Friday, December 9, 2011
A Christmas Bazaar and the Ethnicity of the Sea Peoples
The National Archive is located in a restored industrial building at Psaramylingou 22, a short street parallel to Peiraios, in the Kerameikos area. It contains the Archives of the Hellenic Archaeological Service since its inception in 1834. Besides the spacious archive storage area, there is a paper, drawing and photograph conservation laboratory, offices, a large display space for exhibitions of the documents, photographs and plans as well as a small lecture area.
On Friday, December 16th (19:30-22:30) and Saturday, 17th (10:00-16:00) the Friends will hold their first Christmas Bazaar for the Archive. At Psaramylingou 22 there will be a book sale (Greek and English, fiction, thrillers/mysteries, archaeological), baked goods, raffles, interesting items and knitted scarves, caps and wrist warmers by my wife Metaxia Tsipopoulou (Director Emerita, National Archive of Monuments). In honour of the occasion she will have a retrospective exhibition of her many knitting talents over the past 30 years.
I look forward to seeing you on the 16th or the 17th, so save the dates!!! All of the proceeds from the Bazaar will go to the Friends' ongoing support of the Archive and its needs. You can also sign up as a member of the Friends.
Ethnicity, like gender and social personae, is constructed by individuals and groups within the context of a given society at a given point in time. Generally this is done in reaction to the activities of other individual and groups. It is not immutable and its indiciae vary over time. The fluidity of ethnicity makes its delineation in the past a difficult, moving target. Even with available historical source materials this is not easy. In the protohistoric and prehistoric periods the challenges of determining the ethnicity of a particular population based primarily on material culture assemblages are nearly insurmountable.
A Dutch cultural anthropologist specializing in ethnicity in the Mediterranean Bronze Age, Wim M.J. van Binsbergen, and his doctoral candidate historian who studied the Sea Peoples, Fred C. Woudhuizen, have co-authored a synthetic work entitled, Ethnicity in Mediterranean Protohistory (BAR International Series 2256, Oxford, 2011). Their aim is to identify the ethnicity of the so-called Sea Peoples from an interdisciplinary approach. All possible sources of evidence are marshalled together to probe and to attack the breadth and depth of this perennial topic. These include myth, literary texts, historical sources, all manner of inscriptions, linguistics, settlement patterns, artifact distribution patterns, art, nautical design and religion.
Van Binsbergen attempts to provide in Part I a usable methodological approach for this study as well as a theory of ethnicity applicable to the Late Bronze Age Mediterranean basin. The latter, he claims, has been resisted by other scholars who prefer a “common-sense approach”. Thus, these scholars arbitrarily impose their abstract ideas on the material that they analyze. In contrast to this “etic” approach he argues in favour of “constructs [that] largely reflect (‘emically’) the concepts and interpretations which the historical actors themselves utilized in their time and place” (p. 61).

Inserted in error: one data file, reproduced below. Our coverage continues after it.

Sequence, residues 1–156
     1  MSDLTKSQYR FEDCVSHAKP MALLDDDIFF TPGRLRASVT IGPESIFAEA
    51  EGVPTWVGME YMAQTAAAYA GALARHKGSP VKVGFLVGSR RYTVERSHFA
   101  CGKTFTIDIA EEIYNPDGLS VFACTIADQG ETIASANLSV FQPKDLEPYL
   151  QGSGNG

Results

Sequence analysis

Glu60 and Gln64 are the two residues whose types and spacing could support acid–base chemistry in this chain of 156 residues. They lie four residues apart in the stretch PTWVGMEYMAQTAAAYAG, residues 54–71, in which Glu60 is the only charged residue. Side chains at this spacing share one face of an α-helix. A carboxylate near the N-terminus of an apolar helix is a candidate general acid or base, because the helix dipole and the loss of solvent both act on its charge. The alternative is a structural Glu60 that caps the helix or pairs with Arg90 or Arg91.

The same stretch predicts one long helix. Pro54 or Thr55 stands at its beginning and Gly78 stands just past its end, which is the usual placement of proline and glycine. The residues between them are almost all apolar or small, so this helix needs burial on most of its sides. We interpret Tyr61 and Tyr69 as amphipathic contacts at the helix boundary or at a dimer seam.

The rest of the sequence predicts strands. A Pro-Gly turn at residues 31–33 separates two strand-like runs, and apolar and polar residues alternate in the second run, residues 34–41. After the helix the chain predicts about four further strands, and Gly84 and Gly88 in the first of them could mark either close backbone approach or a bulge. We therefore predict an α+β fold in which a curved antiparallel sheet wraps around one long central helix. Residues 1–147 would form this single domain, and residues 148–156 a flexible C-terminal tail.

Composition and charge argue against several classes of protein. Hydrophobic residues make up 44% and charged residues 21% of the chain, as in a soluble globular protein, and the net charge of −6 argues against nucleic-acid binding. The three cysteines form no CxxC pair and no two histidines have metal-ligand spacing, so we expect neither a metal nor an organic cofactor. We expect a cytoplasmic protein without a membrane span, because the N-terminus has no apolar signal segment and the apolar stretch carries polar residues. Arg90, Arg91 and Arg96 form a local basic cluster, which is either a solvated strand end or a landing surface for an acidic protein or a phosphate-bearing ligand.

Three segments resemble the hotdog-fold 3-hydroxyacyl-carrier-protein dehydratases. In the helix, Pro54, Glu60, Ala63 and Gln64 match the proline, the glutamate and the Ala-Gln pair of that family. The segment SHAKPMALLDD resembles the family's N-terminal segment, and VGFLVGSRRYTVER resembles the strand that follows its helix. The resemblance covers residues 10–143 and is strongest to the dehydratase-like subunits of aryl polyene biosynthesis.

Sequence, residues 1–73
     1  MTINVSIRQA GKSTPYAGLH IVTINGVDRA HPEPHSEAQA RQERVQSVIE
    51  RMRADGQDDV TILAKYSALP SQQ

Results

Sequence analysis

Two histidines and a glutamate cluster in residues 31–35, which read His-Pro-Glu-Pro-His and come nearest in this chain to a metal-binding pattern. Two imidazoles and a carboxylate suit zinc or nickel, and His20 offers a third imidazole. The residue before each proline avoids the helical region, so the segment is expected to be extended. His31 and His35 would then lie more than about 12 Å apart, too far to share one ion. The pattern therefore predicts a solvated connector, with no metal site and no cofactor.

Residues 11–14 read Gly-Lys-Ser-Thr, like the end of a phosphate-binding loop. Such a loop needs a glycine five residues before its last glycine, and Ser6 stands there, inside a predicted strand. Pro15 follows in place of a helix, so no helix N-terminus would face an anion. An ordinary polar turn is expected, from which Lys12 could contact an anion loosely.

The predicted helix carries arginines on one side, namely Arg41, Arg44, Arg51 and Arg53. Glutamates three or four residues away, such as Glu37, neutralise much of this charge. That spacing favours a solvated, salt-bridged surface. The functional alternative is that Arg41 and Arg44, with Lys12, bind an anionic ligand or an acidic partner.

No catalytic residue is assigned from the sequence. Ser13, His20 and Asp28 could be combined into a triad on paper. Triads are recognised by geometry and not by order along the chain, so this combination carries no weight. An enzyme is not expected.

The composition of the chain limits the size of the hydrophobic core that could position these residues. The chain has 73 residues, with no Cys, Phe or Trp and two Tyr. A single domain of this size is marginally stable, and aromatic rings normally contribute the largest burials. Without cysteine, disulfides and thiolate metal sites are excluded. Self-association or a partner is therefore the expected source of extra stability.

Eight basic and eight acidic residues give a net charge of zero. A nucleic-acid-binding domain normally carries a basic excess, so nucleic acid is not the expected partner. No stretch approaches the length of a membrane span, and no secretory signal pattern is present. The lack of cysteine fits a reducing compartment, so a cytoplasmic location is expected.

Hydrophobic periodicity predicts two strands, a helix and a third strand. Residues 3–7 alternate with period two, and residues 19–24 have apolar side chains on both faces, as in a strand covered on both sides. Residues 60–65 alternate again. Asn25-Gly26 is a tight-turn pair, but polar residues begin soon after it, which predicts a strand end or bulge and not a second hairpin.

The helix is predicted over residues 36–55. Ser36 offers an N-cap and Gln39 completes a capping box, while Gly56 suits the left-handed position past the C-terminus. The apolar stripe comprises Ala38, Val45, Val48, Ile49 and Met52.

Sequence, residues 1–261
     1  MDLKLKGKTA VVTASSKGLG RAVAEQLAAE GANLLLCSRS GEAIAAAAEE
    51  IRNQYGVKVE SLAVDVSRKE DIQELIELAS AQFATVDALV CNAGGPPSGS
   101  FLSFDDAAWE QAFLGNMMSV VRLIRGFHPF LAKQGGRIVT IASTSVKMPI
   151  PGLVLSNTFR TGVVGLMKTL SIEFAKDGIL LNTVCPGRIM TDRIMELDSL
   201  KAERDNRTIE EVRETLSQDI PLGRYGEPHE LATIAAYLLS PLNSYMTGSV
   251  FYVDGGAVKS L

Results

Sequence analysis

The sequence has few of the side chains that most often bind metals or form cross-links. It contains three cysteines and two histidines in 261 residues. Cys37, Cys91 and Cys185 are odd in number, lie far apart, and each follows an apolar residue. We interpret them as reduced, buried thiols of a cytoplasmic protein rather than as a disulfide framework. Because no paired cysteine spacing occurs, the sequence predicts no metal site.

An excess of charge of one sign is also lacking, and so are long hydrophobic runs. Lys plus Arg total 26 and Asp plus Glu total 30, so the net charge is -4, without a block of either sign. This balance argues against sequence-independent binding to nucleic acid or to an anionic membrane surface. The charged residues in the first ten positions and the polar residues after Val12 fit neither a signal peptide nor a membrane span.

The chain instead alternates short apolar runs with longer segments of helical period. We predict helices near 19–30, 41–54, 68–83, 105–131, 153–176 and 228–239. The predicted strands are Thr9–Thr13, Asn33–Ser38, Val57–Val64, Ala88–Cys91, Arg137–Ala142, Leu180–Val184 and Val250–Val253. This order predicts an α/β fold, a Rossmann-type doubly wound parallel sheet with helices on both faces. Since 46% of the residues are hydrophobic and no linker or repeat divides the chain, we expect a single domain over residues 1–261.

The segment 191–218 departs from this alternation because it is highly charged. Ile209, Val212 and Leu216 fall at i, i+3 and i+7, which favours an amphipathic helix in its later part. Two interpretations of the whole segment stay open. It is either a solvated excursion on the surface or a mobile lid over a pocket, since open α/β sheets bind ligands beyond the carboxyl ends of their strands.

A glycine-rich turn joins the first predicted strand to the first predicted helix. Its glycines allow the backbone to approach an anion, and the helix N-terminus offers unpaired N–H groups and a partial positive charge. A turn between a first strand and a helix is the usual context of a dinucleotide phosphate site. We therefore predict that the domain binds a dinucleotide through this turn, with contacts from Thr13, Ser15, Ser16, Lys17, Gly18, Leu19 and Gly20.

In Part II Woudhuizen presents his case study on the ethnicity of the Sea Peoples based on wide-ranging historical, archaeological and linguistic evidence. For him the ethnonyms of the Sea Peoples lie at the heart of the discussion. Van Binsbergen replies in Part III with his own shorter case study on the same topic with some different conclusions. In the final Part IV the two authors attempt to resolve their differences (which they cannot in many respects) and to counter assumed criticisms and alternative interpretations that will be put forward by other scholars. As to the ethnic origins of the various Sea People cohorts Woudhuizen sees them coming from nine different small core areas stretching from Sardinia to the southern Levant. Van Binsbergen, on the other hand, postulates two large core areas (with larger peripheries), one centered in the Nile valley, the Sinai and the southern Levant and the other in Anatolia. These correspond to the “core statial area of Egypt and Hatti”. In this way five of Woudhuizen’s provenances are covered by the two van Binsbergen areas.
Any ambitious far ranging synthesis inevitably leaves out material (in this case the detailed archaeological evidence for the movements and the settlement attempts of the Sea Peoples) and emphasizes aspects that reflect the author’s primary research interests (in this case theoretical discussions as well as myth and linguistic evidence). Many aspects of this volume are stimulating and/or provocative. Others are irrelevant and misleading. The extensive bibliography reflects these points. The numerous greyscale maps, drawings, charts, tables and reconstructions help the reader to visualize and to organize the myriad of datasets presented.
If you are interested in the question of ethnicity in the area of the Mediterranean basin between the 14th and the 10th centuries BC, regardless of your interest or not in the Sea Peoples, you should delve into this complex volume.
David W. Rupp